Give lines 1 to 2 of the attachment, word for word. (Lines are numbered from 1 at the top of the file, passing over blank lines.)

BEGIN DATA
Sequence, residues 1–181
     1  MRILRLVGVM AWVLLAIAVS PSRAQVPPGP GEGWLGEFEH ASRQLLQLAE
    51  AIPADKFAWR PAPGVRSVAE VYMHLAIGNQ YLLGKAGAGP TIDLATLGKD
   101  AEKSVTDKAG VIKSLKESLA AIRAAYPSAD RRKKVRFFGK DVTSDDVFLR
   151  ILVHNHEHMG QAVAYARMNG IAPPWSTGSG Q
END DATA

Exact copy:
Sequence, residues 1–181
     1  MRILRLVGVM AWVLLAIAVS PSRAQVPPGP GEGWLGEFEH ASRQLLQLAE